Eight districts approved separate “agency fee agreements” with their unions in an attempt to continue to require teachers to pay union dues or fees as a condition of employment. These districts enroll about 27,000 students and employ more than 1,800 teachers.[46]

These agency fee agreements are separate from the district’s main collective bargaining agreements, and are focused on forcing teachers to financially support a union. Every separate agency agreement identified has a different duration than the district’s standard union contract. 

Graphic 3 lists these districts. The column labeled “Ratification Date” indicates the date a school district ratified its main collective bargaining agreement.

Graphic 3: Separate Agency Fee Agreements

District

Date of Ratification

Language

Armada

3/19/2013

“Each bargaining unit member shall, as a condition of employment ... join the Association, or pay a Service Fee to the Association.”[47]

Clarkston

3/25/2013

“[F]ailure to pay the service fee will result in employment termination.”[48]

Haslett

3/25/2013

“Each Association bargaining unit member shall, as a condition of employment ... remit membership dues or pay a service fee to the Association.”[49]

New Haven[*]

3/21/2013

“All teachers ... as a condition of continued employment shall ... [b]ecome members of the Association, or [p]ay a service fee.”[50]

Romulus

3/18/2013

“Any employee ... shall, as a condition of employment, pay as a representation fee to the Union an amount to be determined by the Union.”[51]

Rudyard

2/11/2013

“Any [bargaining unit members who are not paying dues] ... shall immediately execute an authorization permitting the deduction of an annual service fee.”[52]

South Lake

3/21/2013

“Each bargaining unit member shall, as a condition of employment ... join the Association or pay a service fee to the Association.”[53]

Taylor

1/24/2013

“[E]ach person employed in the bargaining unit shall either become a member of the [union] and pay dues ... or agree to pay a service fee.”[54]

Taylor is being sued by the Mackinac Center Legal Foundation.[55] Mackinac Center attorneys argue that the “union security agreement” approved by the Taylor school district was designed to require teachers to pay union dues and fees for as long as possible, and that a school district and union cannot have two simultaneous collective bargaining agreements in place with different expiration dates. The Taylor union security agreement expires on July 1, 2023, while the district’s main collective bargaining agreement expires on Oct. 1, 2017.[56]

Graphic 4 shows the details of the agency fee agreement and main contracts approved by the eight identified school districts. The effective and expiration dates of each district’s main contract are compared to the effective and expiration dates of the district’s agency fee agreement.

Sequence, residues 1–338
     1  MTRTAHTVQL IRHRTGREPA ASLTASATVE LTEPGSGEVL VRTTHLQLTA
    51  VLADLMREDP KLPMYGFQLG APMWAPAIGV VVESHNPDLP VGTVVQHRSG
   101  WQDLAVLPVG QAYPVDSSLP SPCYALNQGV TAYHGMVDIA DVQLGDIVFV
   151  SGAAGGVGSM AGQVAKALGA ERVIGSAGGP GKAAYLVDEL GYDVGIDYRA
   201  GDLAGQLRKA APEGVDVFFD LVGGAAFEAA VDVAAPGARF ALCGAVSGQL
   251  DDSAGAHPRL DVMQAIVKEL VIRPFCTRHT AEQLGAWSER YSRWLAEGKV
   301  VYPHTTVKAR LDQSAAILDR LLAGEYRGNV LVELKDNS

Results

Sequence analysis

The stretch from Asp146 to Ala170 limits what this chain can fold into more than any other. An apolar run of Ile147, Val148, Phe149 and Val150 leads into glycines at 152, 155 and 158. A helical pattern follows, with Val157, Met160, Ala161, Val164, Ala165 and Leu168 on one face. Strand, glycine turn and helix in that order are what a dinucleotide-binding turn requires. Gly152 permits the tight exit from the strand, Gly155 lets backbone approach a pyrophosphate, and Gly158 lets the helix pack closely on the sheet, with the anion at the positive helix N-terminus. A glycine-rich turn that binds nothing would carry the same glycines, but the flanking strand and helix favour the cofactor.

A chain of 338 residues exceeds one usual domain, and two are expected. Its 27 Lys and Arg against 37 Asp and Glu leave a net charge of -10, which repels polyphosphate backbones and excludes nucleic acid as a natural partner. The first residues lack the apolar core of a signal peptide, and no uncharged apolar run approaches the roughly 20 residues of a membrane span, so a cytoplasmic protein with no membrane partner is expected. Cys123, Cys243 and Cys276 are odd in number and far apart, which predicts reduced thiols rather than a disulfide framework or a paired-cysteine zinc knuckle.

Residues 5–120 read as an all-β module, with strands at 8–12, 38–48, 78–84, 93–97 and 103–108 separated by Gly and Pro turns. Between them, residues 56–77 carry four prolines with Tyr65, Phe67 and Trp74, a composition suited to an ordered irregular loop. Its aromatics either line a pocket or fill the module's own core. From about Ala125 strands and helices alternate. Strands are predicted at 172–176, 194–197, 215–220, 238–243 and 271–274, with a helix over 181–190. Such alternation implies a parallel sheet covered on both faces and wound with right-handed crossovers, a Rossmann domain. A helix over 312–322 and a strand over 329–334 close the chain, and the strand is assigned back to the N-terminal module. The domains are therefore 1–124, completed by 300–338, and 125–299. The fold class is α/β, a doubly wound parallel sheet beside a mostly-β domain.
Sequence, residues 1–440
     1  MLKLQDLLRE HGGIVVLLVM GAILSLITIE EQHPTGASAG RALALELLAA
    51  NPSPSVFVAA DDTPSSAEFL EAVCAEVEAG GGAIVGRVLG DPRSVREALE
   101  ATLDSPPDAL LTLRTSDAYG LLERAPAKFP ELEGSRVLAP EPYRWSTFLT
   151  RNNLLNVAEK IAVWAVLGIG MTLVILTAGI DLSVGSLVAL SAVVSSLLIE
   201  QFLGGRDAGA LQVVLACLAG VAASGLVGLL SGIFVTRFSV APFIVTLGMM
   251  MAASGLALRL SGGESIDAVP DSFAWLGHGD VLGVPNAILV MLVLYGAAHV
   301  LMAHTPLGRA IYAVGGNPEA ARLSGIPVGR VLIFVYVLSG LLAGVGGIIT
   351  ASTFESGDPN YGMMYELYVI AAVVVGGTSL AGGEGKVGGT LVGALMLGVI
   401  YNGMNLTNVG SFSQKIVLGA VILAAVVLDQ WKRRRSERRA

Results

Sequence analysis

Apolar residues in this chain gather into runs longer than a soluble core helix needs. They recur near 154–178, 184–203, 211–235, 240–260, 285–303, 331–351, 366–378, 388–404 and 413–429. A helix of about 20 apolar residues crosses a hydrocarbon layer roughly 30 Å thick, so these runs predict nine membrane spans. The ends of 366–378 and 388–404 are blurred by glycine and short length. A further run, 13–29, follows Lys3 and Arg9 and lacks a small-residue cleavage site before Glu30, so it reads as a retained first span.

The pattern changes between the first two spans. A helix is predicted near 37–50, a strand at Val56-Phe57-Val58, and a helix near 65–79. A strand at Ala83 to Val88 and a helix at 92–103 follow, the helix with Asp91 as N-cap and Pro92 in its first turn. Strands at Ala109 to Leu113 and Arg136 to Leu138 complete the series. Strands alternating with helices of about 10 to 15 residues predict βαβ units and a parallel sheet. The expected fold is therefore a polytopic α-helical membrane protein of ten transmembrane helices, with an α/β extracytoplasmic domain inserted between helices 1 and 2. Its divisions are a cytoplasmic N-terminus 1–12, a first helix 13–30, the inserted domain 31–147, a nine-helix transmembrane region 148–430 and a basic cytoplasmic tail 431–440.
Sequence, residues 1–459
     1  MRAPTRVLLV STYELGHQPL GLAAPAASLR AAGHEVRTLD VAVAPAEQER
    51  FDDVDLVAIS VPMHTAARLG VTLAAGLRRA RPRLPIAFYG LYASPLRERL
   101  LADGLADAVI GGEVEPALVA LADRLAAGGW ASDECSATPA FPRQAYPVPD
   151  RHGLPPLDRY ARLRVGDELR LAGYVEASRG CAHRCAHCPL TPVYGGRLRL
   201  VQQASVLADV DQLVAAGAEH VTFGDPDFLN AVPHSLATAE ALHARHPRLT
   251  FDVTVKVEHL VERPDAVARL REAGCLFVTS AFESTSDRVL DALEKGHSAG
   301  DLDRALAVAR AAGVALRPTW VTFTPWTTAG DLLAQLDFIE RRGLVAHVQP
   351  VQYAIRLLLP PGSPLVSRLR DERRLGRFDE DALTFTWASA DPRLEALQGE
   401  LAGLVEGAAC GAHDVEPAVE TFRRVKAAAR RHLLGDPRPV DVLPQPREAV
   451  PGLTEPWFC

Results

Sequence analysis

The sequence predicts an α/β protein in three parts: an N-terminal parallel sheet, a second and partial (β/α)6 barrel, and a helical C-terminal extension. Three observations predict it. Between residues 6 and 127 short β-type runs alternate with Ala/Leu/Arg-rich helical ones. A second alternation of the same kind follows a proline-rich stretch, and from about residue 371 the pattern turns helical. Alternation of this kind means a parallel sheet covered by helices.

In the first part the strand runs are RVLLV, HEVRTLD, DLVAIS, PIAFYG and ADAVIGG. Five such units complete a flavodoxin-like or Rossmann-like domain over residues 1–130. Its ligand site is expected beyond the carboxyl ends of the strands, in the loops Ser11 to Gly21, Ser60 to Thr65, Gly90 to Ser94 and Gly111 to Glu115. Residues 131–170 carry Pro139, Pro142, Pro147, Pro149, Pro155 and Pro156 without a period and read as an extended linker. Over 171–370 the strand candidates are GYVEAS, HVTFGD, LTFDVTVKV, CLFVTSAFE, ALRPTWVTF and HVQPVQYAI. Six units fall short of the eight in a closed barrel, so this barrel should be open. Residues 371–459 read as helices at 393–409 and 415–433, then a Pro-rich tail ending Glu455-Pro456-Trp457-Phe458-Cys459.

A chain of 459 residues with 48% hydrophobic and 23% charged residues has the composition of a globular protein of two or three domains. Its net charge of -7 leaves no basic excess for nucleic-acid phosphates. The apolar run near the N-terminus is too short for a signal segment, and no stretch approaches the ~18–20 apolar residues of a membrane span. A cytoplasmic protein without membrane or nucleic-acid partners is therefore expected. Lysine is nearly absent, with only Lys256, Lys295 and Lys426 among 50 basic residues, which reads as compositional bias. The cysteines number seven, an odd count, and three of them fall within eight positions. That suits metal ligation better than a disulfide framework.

Graphic 4: Separate Agency Fee Agreement Dates

District

Main contract effective date

Agency fee effective date

Main contract expiration date

Agency fee expiration date

Armada[57]

9/1/2013

3/19/2013

8/31/2016

8/23/2023

Clarkston[58]

9/1/2013

3/25/2013

8/31/2014

6/30/2016

Haslett[59]

8/16/2013

3/22/2013

6/30/2016

6/30/2016

New Haven[60]

3/21/2013

3/21/2013

8/31/2017

8/31/2023

Romulus[61]

8/16/2013

3/18/2013

8/15/2016

8/15/2016

Rudyard[62]

7/1/2013

2/11/2013

6/30/2014

6/30/2015

South Lake[63]

3/21/2013

3/21/2013

8/31/2016

8/31/2018

Taylor[64]

1/24/2013

1/24/2013

10/1/2017

7/1/2023

Armada, for example, approved a main collective bargaining agreement that took effect on Sept. 1, 2013, while its agency fee agreement took immediate effect on March 19, 2013. Armada’s main collective bargaining agreement will expire on Aug. 31, 2016, while the district’s agency fee agreement will continue for another seven years.

Similarly, Clarkston, Haslett and Romulus have agency fee agreements in place that took immediate effect, while their main contracts took effect after the Public Act 349 deadline. This arrangement allowed these districts to lock in immediate mandatory financial union support, while delaying the implementation of the other terms of the regular contract.

South Lake followed the pattern of Taylor: The district’s main collective bargaining agreement and agency fee agreement both took effect immediately, but the expiration dates differ. South Lake’s agency fee agreement is set to expire in 2018, two years after the district’s main contract will have expired.[65]


[*] New Haven’s contract states it was entered into on March 21, 2013. Board meeting records suggest the contract was entered into around this time, but it may have been approved as early as February 2013. “Regular Board of Education Meeting” (New Haven Community Schools, Feb. 11, 2013), http://goo.gl/r4IQK3 (accessed Sept. 2, 2014).